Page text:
First some administrivia. This site has been under massive attack by comment and trackback spammers. As a result, we’ve totally disabled the trackback feature, and limited comments to the most current three months of entries. We have also instituted a protected comment system to prevent automated spammers. But since the crowd that visits here doesn’t appear to be particularly chatty, that shouldn’t be a problem. We’ve also updated the software that runs the infrastructure of the blog. Whenever a set of changes of this magnitude is undertaken, it’s going to take a few days before the bugs are ironed out. Apologies if you tried to consult these pages and received error messages. We’re working on the remaining nits as fast as we can. Special thanks to The Resident Male – website plumber extraordinaire for the hours he’s put in wrestling with these issues.
In the mean time, knitting here continues. Friend Dena was amazingly generous, giving me more of the gray/brown laceweight (also lots of other goodies destined for some more over the top lace projects). Ten thousand thanks! Armed with more yarn, I’ve been able to work more on the big shawl. I’m rounding the second corner and on the back stretch. No pix today though. It looks much as it did last week – a frothy gray/brown object too unblocked to see well.
It turns out that this blog serves a major purpose that I didn’t really appreciate. I am not good at cataloging what exactly I do as I fudge my way through a project. I was careful to note the pattern and mechanism I was using for the framing area of my shawl, but I hit on the edge pattern during the time I was stretched thin and didn’t have time to write up entries. Therefore I didn’t make a written note of where that edging pattern came from and what I did to adapt it for this piece. Since I also set the shawl aside when I ran out of yarn, I had lost my thread of continuity on it. It took me a couple of days before I located the edging that I was using and figured out what I had been up to. It’s from the first volume of Duchrow reprints compiled by J. and K. Kliot:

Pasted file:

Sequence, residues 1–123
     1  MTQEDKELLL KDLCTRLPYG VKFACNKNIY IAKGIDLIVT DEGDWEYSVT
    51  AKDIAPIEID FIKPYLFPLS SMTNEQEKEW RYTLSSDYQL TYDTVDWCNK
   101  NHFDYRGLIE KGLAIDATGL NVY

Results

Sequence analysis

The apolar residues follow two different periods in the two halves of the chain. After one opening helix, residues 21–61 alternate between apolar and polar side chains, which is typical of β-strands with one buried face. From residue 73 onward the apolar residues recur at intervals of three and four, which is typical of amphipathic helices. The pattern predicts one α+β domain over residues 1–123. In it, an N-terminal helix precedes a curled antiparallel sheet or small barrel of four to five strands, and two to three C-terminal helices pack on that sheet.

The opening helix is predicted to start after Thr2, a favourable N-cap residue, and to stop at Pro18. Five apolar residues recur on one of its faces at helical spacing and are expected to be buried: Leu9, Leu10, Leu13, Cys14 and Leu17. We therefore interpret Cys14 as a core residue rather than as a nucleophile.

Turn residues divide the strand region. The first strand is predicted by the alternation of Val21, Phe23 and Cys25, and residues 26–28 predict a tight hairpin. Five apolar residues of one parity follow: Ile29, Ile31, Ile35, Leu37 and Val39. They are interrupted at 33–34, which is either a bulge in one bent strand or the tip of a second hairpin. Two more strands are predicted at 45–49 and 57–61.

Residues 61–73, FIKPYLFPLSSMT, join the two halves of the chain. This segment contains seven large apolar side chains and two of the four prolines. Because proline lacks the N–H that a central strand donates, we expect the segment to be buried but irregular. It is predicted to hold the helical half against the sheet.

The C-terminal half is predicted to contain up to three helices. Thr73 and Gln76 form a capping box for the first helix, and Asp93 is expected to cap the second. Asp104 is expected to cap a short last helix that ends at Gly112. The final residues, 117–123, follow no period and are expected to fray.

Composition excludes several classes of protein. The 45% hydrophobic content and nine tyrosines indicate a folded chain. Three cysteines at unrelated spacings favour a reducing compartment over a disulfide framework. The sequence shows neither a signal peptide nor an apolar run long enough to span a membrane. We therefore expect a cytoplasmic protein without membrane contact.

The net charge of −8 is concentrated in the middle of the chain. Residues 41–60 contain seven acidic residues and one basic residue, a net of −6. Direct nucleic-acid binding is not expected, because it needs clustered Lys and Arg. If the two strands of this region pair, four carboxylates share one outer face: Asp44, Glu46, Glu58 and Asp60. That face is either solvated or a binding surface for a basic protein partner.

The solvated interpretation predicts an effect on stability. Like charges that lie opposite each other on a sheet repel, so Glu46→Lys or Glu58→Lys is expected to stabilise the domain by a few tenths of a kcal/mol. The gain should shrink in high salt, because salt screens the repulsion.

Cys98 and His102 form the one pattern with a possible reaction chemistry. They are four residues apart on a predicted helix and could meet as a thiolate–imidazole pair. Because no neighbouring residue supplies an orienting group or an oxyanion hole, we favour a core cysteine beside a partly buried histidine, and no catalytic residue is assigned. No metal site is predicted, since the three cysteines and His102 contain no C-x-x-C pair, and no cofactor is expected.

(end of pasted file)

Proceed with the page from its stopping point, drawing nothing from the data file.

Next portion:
I now present it here as much to keep track of what the heck I’m up to for myself, as for others to play with. The pattern I’m using appears on Page 35. The original stumped me a bit because I couldn’t make the last three stitches work out correctly. According to the book, every row should end with a SSK, K2 – but I find that working the “uphill” side of my triangular dags, I have room for a plain K3, and on the “downhill” side as the dag narrows back, I have room for a K2tog, K3 – but need to cheat, working the first stitch on the wrong side return row as a P2tog to preserve the visual line of the narrow strip at the outer edge of my border.
The pattern page (click on image above to get a readable version) presents both the original from the book, translated into modern notation; and my adaptation.